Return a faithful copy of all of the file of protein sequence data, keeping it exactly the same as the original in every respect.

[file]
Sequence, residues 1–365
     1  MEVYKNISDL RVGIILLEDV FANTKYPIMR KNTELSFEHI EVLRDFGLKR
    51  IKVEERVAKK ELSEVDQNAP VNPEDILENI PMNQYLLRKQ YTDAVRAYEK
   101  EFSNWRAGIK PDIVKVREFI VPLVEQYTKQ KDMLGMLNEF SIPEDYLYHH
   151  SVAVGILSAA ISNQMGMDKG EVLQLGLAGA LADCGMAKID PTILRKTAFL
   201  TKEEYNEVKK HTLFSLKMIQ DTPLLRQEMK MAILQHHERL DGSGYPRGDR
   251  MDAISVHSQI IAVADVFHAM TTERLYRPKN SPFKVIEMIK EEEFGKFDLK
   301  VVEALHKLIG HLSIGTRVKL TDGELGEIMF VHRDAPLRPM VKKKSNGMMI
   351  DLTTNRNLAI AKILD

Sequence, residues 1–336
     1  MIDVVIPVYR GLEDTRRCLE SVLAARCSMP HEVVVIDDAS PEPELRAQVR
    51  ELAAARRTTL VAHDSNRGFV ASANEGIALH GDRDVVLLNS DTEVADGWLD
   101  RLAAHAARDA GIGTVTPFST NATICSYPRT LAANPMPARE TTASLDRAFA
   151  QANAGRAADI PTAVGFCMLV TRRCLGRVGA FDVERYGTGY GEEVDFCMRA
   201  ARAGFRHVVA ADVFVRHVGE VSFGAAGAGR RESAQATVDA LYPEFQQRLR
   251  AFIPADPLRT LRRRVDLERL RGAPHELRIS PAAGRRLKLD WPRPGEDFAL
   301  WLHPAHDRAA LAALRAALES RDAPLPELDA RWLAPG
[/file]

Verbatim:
Sequence, residues 1–365
     1  MEVYKNISDL RVGIILLEDV FANTKYPIMR KNTELSFEHI EVLRDFGLKR
    51  IKVEERVAKK ELSEVDQNAP VNPEDILENI PMNQYLLRKQ YTDAVRAYEK
   101  EFSNWRAGIK PDIVKVREFI VPLVEQYTKQ KDMLGMLNEF SIPEDYLYHH
   151  SVAVGILSAA ISNQMGMDKG EVLQLGLAGA LADCGMAKID PTILRKTAFL
   201  TKEEYNEVKK HTLFSLKMIQ DTPLLRQEMK MAILQHHERL DGSGYPRGDR
   251  MDAISVHSQI IAVADVFHAM TTERLYRPKN SPFKVIEMIK EEEFGKFDLK
   301  VVEALHKLIG HLSIGTRVKL TDGELGEIMF VHRDAPLRPM VKKKSNGMMI
   351  DLTTNRNLAI AKILD

Sequence, residues 1–336
     1  MIDVVIPVYR GLEDTRRCLE SVLAARCSMP HEVVVIDDAS PEPELRAQVR
    51  ELAAARRTTL VAHDSNRGFV ASANEGIALH GDRDVVLLNS DTEVADGWLD
   101  RLAAHAARDA GIGTVTPFST NATICSYPRT LAANPMPARE TTASLDRAFA
   151  QANAGRAADI PTAVGFCMLV TRRCLGRVGA FDVERYGTGY GEEVDFCMRA
   201  ARAGFRHVVA ADVFVRHVGE VSFGAAGAGR RESAQATVDA LYPEFQQRLR
   251  AFIPADPLRT LRRRVDLERL RGAPHELRIS PAAGRRLKLD WPRPGEDFAL
   301  WLHPAHDRAA LAALRAALES RDAPLPELDA RWLAPG